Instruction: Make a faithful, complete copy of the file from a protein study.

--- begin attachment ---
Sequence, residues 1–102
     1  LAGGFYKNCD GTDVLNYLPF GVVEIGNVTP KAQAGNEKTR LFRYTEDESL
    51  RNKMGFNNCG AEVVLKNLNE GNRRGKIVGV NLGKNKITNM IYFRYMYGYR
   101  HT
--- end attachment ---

Sequence, residues 1–102
     1  LAGGFYKNCD GTDVLNYLPF GVVEIGNVTP KAQAGNEKTR LFRYTEDESL
    51  RNKMGFNNCG AEVVLKNLNE GNRRGKIVGV NLGKNKITNM IYFRYMYGYR
   101  HT